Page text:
A common phrase spoken by Ferris State University students is “I never have enough time.” For most college students, after the assignment deadlines and textbook reading, any spare time is spent resting up for the next day’s routine of rushing.
Though it appears either our days are getting shorter or our responsibilities are overwhelming, we cannot ignore the amount of time we spend consumed in the lives of others.
A study by the measurement and information company Nielsen reported the average user spent seven hours a month on Facebook. Experian Hitwise reported Twitter users visited the social networking site 10 visits per month. A number of college students can confess to spending even more time tweeting and Facebook stalking.
When considering the time spent Skyping, channel surfing and texting, it appears the lack of time in our “busy” lives is only the consequence of lifestyle distracters we habitually incorporate in our everyday schedule.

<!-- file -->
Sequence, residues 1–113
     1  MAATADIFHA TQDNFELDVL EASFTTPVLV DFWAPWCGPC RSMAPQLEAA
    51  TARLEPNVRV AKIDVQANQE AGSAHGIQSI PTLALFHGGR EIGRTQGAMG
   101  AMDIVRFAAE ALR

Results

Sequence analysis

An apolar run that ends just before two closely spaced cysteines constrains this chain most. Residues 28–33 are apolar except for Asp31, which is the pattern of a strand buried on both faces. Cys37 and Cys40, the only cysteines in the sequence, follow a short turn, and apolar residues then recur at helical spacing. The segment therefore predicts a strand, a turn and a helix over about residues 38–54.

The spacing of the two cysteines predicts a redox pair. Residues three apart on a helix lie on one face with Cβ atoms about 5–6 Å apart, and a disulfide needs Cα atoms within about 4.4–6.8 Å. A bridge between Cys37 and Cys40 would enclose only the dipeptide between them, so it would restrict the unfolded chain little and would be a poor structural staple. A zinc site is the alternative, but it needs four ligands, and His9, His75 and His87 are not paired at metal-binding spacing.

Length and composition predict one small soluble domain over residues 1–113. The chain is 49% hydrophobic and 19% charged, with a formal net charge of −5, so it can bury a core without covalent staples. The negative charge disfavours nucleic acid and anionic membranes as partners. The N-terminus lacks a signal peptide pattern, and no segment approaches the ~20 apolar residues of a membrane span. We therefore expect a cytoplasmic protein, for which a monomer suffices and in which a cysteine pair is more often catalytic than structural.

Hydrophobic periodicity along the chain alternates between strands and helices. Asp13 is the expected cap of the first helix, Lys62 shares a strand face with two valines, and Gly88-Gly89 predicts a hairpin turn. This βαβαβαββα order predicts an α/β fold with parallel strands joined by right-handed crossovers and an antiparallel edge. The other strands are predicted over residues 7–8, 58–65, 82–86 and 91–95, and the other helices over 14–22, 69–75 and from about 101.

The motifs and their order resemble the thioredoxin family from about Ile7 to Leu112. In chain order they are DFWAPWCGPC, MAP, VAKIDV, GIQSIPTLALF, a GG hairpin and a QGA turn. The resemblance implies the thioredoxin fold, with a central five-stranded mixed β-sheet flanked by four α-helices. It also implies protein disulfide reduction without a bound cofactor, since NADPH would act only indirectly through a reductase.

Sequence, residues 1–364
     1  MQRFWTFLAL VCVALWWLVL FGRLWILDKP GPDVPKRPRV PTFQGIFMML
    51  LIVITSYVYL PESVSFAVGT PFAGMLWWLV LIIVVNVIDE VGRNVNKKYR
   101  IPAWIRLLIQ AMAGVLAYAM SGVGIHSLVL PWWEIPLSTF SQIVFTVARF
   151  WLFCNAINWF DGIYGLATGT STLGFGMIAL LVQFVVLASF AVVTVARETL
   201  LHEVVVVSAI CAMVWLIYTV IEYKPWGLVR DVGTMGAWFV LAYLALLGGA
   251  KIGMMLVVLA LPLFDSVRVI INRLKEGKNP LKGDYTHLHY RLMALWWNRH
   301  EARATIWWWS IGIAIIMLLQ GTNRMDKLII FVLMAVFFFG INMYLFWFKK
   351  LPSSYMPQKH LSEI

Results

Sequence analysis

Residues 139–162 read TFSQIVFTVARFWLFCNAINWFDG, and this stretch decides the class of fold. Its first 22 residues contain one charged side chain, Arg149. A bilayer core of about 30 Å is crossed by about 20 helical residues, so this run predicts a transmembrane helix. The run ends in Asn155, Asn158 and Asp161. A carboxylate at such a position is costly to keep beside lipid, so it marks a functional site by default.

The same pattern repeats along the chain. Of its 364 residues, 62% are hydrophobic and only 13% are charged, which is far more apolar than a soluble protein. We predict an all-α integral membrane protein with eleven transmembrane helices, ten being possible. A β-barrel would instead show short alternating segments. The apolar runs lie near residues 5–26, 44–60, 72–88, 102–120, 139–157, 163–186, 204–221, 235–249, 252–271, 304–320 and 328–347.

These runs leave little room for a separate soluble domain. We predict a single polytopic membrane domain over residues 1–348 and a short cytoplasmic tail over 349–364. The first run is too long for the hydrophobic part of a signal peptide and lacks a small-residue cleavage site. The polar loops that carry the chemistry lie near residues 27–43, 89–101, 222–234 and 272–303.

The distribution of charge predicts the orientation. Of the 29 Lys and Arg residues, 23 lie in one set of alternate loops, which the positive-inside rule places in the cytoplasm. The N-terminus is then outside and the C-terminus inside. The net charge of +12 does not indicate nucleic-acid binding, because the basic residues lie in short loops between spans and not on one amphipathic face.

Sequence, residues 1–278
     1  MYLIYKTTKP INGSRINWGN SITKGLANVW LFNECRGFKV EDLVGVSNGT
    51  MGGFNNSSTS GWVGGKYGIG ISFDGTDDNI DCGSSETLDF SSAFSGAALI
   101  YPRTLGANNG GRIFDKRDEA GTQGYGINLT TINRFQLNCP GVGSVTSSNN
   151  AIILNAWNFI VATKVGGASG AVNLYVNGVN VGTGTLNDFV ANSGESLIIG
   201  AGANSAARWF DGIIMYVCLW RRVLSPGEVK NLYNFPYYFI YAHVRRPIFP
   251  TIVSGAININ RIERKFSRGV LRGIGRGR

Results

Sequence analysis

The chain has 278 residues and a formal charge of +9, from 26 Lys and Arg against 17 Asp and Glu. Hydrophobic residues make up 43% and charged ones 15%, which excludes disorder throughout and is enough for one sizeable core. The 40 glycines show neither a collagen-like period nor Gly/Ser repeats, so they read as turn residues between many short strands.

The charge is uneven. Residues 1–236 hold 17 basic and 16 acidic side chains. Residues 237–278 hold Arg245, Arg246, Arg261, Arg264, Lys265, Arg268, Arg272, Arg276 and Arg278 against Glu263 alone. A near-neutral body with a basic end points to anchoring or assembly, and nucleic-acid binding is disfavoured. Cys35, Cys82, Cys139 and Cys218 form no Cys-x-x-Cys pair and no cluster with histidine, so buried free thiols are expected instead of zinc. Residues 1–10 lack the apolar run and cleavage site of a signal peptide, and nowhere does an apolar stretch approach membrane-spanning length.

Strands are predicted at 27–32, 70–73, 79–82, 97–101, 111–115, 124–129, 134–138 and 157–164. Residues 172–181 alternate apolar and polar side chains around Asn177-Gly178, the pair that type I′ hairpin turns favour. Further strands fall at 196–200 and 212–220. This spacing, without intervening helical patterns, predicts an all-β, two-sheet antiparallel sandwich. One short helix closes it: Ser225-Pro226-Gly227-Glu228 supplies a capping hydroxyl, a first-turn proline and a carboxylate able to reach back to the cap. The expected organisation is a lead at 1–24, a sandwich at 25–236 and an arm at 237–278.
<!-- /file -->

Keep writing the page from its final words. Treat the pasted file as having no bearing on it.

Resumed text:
It’s almost become necessary that we remain logged in to some social network while at work or in class. The highest-viewed television programs tend to be reality shows focusing on the lives of celebrities and pregnant teens.
I agree social media is a beneficial resource for building and maintaining friendships by staying connected in the lives of others. However, our society’s increasing dependency on staying interconnected at all times has limited the time within our lives we are allowed to personally develop.
Though we are constantly informed on the everyday experiences of friends, we neglect to contribute to our own responsibilities, goals and potentials. What if we used the reported 13 hours per week we spend watching television to learn an instrument or new language? The seven hours of social networking can be used to lose weight or organize personal finances.
Therefore, next time you think to yourself “I never have enough time,” reevaluate the time you spend plugged into the lives of others.